Supreme Court Justice Ruth Bader Ginsburg and Princeton University's provost will discuss issues related to constitutional law in an event titled "A Conversation with U.S. Supreme Court Justice Ruth Bader Ginsburg and Princeton Provost Chris Eisgruber" at 4:30 p.m. Thursday, Oct. 23 in Richardson Auditorium, Alexander Hall.
The conversation will be preceded by a brief address by Ginsburg titled "On the Lighter Side of the U.S. Supreme Court: Customs and Habits that Promote Collegiality Among the Justice."
The free discussion is a ticketed event open to the University community and the general public. The deadline for advance media registration is noon Monday, Oct. 20. The event is sponsored by the Program in Law and Public Affairs and the University Public Lecture Series.
Ginsburg's appearance is this year's John Marshall Harlan '20 Lecture in Constitutional Adjudication, which celebrates the legacy of Harlan, the eighth Supreme Court Justice to graduate from Princeton. The event also is supported by the Walter E. Edge Lecture Fund, which brings American and international public leaders to speak on campus.
"Justice Ruth Bader Ginsburg is an inspiring figure in American law," said Eisgruber, the Laurance S. Rockefeller Professor of Public Affairs in Princeton's Woodrow Wilson School of Public and International Affairs and the University Center for Human Values. "Throughout her career she has been a trailblazer -- someone who overcame discrimination to establish her own career in the law, and then helped lead the struggle to secure legal recognition of women's rights."
Ginsburg was nominated to the Supreme Court by President Clinton in 1993, and is the second woman to serve on the court. Prior to her appointment, she was a judge of the U.S. Court of Appeals for the District of Columbia Circuit for 13 years. In 1971, she was instrumental in launching the Women's Rights Project of the American Civil Liberties Union. Ginsburg was a professor of law at Rutgers University School of Law and Columbia Law School, and a fellow at the Center for Advanced Study in the Behavioral Sciences in Stanford, California.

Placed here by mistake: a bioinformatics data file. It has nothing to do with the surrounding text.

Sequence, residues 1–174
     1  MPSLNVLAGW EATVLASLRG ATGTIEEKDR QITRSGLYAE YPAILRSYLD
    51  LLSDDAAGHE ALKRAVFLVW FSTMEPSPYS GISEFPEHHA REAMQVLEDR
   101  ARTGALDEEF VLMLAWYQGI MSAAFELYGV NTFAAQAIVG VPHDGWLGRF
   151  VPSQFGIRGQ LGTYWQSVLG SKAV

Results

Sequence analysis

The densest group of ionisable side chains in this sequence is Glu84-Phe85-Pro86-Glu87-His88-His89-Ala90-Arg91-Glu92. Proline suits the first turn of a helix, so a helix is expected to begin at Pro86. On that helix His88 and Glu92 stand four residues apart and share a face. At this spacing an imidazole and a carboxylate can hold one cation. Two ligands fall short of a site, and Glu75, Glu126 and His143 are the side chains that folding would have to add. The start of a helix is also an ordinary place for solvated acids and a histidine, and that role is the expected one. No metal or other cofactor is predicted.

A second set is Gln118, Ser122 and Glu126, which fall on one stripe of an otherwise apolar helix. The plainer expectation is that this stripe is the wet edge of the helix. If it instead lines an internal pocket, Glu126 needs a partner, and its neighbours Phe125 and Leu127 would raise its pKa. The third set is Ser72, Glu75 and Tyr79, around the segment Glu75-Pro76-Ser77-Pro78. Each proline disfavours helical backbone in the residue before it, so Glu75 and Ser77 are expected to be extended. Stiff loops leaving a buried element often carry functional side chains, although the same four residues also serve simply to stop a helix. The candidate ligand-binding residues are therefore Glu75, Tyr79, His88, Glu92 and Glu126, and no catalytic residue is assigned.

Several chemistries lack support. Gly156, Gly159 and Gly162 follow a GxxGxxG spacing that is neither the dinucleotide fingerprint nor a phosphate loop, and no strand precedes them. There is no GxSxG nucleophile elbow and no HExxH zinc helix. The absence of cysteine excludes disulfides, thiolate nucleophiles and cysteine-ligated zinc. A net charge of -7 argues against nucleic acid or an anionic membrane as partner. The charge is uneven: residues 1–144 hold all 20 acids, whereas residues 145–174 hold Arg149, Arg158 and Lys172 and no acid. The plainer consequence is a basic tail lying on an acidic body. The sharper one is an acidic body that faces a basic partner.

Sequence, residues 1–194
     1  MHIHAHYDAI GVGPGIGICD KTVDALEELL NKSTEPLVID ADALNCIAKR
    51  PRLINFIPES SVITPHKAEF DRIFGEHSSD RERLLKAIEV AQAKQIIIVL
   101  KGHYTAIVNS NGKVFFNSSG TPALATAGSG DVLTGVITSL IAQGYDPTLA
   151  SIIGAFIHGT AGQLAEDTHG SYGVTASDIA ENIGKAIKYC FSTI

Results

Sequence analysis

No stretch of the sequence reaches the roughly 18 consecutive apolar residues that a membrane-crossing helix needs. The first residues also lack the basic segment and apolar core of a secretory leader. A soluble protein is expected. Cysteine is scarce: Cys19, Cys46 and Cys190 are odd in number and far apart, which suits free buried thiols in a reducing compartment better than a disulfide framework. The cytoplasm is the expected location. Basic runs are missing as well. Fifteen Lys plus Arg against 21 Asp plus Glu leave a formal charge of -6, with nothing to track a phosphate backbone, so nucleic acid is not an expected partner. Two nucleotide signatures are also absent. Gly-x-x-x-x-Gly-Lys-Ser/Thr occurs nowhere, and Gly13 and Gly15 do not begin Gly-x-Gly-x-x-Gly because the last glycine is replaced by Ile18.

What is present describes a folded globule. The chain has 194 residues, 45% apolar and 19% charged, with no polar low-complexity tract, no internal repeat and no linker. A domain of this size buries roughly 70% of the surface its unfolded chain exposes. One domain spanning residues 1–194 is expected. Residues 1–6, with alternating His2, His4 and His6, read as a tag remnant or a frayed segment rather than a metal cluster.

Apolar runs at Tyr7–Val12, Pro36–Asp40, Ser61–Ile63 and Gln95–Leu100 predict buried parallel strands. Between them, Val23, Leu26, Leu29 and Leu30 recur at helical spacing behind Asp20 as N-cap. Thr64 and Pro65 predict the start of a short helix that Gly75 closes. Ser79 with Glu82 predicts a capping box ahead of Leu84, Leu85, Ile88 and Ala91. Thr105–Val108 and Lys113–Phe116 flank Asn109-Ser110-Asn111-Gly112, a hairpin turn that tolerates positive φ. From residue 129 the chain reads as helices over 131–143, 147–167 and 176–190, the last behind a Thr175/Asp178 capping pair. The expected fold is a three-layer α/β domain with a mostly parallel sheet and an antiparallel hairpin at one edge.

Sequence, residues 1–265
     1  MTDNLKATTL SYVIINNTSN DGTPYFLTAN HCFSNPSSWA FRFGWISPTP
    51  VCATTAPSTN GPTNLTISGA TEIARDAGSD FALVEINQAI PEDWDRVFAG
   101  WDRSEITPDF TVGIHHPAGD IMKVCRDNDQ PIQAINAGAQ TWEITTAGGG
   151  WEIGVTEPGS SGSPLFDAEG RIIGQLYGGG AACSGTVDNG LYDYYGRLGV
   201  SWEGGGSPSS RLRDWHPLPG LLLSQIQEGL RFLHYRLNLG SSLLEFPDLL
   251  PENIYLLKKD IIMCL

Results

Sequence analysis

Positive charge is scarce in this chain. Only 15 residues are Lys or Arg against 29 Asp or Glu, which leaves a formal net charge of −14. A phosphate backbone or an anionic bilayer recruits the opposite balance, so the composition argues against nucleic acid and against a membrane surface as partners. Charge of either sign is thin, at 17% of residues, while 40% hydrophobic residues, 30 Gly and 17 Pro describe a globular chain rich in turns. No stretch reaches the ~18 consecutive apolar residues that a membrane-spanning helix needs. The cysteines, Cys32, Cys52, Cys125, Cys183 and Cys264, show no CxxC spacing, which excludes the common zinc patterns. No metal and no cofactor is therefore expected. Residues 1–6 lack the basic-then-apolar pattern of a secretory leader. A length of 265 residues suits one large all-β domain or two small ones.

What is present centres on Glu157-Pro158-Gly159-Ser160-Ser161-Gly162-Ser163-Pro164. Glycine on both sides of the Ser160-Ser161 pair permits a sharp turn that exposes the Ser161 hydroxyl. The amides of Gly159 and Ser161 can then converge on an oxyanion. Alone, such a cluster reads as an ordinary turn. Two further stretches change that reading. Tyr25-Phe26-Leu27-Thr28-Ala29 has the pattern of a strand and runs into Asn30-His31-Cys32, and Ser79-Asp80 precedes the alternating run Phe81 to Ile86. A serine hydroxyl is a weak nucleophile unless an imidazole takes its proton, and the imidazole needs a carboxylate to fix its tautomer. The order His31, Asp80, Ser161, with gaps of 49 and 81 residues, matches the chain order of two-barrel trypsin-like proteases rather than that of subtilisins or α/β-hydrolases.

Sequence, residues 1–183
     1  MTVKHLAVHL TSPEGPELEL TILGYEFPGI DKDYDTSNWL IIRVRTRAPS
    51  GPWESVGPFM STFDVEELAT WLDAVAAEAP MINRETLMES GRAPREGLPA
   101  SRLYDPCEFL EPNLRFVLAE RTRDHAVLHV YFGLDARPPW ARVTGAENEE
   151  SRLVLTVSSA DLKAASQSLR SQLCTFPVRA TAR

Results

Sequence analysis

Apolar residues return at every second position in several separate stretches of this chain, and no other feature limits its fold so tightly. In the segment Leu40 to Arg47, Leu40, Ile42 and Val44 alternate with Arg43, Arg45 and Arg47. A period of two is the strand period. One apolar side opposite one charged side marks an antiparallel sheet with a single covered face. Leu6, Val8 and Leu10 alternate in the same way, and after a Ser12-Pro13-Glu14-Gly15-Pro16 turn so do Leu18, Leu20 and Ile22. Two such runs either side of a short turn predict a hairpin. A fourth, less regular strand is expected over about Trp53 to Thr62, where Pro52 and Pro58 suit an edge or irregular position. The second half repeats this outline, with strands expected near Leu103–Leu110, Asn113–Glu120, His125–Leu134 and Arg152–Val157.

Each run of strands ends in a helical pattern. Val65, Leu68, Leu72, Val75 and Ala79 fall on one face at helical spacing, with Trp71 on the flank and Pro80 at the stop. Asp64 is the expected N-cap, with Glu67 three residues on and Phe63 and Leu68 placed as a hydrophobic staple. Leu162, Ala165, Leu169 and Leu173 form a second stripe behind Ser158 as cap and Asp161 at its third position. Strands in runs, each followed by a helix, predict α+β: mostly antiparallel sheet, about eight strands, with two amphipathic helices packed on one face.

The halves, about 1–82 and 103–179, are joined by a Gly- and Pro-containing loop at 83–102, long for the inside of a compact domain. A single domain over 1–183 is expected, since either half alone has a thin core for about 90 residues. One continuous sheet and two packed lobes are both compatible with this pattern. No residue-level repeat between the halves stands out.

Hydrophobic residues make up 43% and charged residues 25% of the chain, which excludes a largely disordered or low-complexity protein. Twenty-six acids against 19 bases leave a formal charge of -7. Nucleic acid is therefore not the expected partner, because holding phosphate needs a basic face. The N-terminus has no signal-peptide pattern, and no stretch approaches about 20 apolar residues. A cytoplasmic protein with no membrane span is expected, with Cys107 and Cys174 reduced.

"She is an independent thinker who is widely respected for her intellect and for her commitment to fairness and the rule of law," Eisgruber said. "Hearing her will be a treat for Princeton's students and our entire community."
Eisgruber, who became Princeton's provost in 2004, has written several books on the constitution and the Supreme Court. His books include The Next Justice: Repairing the Supreme Court Appointments Process, Constitutional Self-Government, and Religious Freedom and the Constitution, which he co-wrote with Lawrence G. Sager of the University of Texas at Austin School of Law.
Before joining the faculty in 2001, Eisgruber was a clerk for Judge Patrick Higginbotham of the United States Court of Appeals for the Fifth Circuit, which has jurisdiction over district courts in Louisiana, Mississippi and Texas, and also for Justice John Paul Stevens of the United States Supreme Court. Eisgruber then served for 11 years on the faculty of New York University School of Law.
The conversation between Ginsburg and Eisgruber will be simulcast in a room where no tickets will be required. Tickets to attend the event in Richardson Auditorium will be available beginning at noon Monday, Oct. 13 at the Frist Campus Center for Princeton University students, faculty and staff, continuing from noon to 6 p.m. Monday through Friday while supplies last. There is a limit of one ticket per University ID, and individuals may present up to two IDs when picking up tickets.
Tickets for the general public will be available from 6 p.m. to 8 p.m. on Monday, Oct. 20, at the Richardson Auditorium box office while supplies last. The general public may pick up a maximum of two tickets per person.
Members of the news media interested in attending the event must call (609) 258-3601, or e-mail firstname.lastname@example.org no later than noon Monday, Oct. 20.
For security reasons, audience members should not bring backpacks to Richardson Auditorium, and must be seated by 4:15 p.m. No audience photographs will be permitted. For more information about this event, see http://lectures.princeton.edu.